An exotic oil extracted from a tree in southern Africa is the latest ancient beauty secret that’s blowing up in the west. If you want lustrous locks on your head, start using marula oil for hair growth. Marula oil is also very beneficial for your skin. Discover more about this all-in-one natural beauty ingredient….
You’ve tried almost every all-natural product for your hair….
Sesame oil? Check. Henna hair dye? Yup, that too. Blackstrap molasses? Yes, who would have thought that syrup can help? Avocado oil? Sure, it’s a great hydrating serum. How about babassu oil? The Amazonian cousin of coconut oil is less greasy than coconut oil.
But here’s one hair remedy you may not be familiar with. It’s called marula oil. The tree from which the oil is extracted is in the same family as mango, cashew, and pistachio. Can you picture rubbing mango, cashew or pistachios in your hair?
Probably not. But the oil that comes from the marula tree has anti-aging compounds that not only benefit hair but skin as well. However, before discussing why this African beauty treatment is so beneficial, let’s take a virtual trip to southern Africa and learn more about this amazing ingredient….
What is Marula Oil?
The marula tree is native to southern Africa and the island of Madagascar. It grows nowhere else on Earth. The oil is extracted from the walnut-sized nut (also called “the stone”) that lies inside the fleshy fruit of the Sclerocarya birrea tree. (The botanic name of the tree is derived from ancient Greek and roughly translated means ‘hard nut’.)
Since prehistoric times, traditional bands of tribes in South Africa have relied on these hard nuts as a major source of nutrition. The fleshy part of the fruit is rich in vitamin C. In fact, marula fruit contains eight times the amount of the antioxidant as an orange.
Fabled traditional peoples in southern Africa, such as the Zulus and Bantus, have also relied on marula over the millennia, to protect skin from the harsh, arid elements.
And now, the secret about marula oil for hair growth and skin is out. Stroll through the beauty section of any pharmacy and you’ll see several products containing it: lotions, lipsticks, foundations, etc….
When you buy a product with marula, another benefit (in addition to having healthier looking hair and skin) is that you’re helping support low income farmers (mostly women) who cultivate the fruit. Women’s collectives harvest the fruit using sustainable farming practices. The women in the collectives are paid living wages so they can support their families. The fruit only grows for two to three months a year; it’s a vital source of income for these rural traditional people.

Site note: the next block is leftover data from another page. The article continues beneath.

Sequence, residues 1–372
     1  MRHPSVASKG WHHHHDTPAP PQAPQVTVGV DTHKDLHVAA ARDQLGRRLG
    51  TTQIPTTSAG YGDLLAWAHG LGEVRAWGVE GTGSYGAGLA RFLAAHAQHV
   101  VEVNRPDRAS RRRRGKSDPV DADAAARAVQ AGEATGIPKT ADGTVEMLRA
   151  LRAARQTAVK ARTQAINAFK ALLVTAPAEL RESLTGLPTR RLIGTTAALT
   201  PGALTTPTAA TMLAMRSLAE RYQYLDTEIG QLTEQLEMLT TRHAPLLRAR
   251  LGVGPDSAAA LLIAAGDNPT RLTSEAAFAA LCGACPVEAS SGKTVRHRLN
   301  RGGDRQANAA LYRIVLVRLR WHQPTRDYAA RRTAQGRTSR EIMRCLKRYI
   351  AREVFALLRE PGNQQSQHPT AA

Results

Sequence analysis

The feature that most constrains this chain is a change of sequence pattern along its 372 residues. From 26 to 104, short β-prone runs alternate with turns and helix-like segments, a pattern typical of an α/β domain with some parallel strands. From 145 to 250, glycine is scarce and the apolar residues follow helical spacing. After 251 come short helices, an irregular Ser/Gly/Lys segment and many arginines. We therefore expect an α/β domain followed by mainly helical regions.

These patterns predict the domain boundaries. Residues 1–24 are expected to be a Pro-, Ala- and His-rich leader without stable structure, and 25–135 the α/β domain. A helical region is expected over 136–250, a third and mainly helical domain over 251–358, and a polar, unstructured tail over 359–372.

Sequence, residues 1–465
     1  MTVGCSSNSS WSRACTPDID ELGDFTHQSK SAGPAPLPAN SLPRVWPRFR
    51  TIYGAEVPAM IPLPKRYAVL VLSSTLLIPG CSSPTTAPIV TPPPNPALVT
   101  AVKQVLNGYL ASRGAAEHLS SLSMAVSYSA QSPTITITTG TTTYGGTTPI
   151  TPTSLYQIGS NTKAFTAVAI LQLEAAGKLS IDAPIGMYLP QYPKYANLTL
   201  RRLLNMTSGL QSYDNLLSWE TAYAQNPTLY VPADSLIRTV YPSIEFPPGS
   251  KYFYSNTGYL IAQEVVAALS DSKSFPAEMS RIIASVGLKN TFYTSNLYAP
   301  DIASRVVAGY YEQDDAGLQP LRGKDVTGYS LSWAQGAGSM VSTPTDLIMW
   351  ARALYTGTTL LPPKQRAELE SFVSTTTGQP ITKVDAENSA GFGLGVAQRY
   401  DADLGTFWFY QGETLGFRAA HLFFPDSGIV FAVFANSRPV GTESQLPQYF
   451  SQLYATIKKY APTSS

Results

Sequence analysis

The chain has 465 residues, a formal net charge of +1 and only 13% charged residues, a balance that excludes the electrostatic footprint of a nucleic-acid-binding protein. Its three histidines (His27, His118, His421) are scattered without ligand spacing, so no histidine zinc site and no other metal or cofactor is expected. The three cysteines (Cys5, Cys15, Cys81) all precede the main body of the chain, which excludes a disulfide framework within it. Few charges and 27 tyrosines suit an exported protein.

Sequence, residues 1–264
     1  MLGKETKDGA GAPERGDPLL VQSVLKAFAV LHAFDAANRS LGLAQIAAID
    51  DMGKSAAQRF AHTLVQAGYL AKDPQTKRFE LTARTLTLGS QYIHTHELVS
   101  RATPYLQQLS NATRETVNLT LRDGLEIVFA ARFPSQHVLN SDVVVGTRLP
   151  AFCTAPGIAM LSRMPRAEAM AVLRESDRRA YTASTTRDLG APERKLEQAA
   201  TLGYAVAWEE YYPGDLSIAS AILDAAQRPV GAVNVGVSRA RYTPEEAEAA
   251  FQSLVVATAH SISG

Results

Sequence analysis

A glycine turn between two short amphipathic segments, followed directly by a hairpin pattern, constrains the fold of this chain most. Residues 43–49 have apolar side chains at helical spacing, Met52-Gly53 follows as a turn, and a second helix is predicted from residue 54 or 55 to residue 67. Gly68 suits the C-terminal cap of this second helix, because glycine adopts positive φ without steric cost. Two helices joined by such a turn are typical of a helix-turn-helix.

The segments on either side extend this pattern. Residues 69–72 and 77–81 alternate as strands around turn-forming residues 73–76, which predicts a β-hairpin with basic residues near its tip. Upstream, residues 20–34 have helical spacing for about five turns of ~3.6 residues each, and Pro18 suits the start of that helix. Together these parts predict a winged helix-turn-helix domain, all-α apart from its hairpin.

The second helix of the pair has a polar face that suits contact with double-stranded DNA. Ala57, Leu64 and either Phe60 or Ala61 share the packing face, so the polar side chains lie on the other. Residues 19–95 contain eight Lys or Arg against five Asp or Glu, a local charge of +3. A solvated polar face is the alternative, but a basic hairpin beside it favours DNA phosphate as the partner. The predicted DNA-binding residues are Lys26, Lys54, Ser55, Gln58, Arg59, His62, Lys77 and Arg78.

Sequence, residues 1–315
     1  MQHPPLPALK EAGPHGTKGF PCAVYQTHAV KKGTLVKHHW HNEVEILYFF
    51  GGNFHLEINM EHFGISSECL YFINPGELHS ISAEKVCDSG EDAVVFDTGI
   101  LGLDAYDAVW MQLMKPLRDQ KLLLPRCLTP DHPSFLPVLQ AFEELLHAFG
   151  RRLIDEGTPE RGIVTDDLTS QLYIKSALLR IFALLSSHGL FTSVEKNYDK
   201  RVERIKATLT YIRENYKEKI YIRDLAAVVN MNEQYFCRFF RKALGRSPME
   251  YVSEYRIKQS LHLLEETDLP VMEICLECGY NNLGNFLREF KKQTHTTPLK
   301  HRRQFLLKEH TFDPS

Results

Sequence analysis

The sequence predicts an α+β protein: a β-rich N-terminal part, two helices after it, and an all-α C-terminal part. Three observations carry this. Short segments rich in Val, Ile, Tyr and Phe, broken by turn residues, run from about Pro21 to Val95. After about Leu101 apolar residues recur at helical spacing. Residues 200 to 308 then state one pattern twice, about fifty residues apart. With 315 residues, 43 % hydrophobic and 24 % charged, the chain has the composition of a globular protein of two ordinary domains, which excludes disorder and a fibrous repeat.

Marula oil for hair growth: how does it work?
Now that you can feel good about buying product with this botanical ingredient, let’s talk about how it works….
This isn’t an ingredient you’ll only read about on obscure blog sites; it’s gone mainstream. In fact, Paul Mitchell sells a line of products containing it. On the iconic brand’s website reads the following alluring headline: “Imagine an oil so hydrating, replenishing and sustainable, it’s been an envied beauty secret in Africa for thousands of years.”
So what is the secret about marula oil? What makes it something you should consider adding to your beauty regimen? Recent research studies reveal the beneficial compounds, such as fatty acids, that offer proven health benefits. These compounds have been shown to benefit the scalp and hair follicles.
Penetrates deeply, rich in vitamins & minerals
One reason marula oil works for hair is because of its deep-penetrating abilities. Not all oils sink deeply into the scalp. But marula does. And not only does it penetrate and hydrate deep into the roots, it’s also rich in minerals. These minerals, including iron, zinc, magnesium, phosphorus, and copper help promote healthy hair.
In addition, remember the fact that this fruit contains several times the vitamin C than orange? Vitamin C is an antioxidant. Well, one of the things vitamin C antioxidant does is prevent hair follicles from getting thinner.
Fatty acids for hair growth
Another benefit of this oil: it’s very high in the omega-9 fatty acid, oleic acid. You might be familiar with omega-3s and their health benefits. But did you know that omega-9s are also beneficial for your health? Oleic acid stimulates hair growth and makes hair thicker, longer and stronger. In fact, studies such as this one prove the benefits of oleic acid on hair.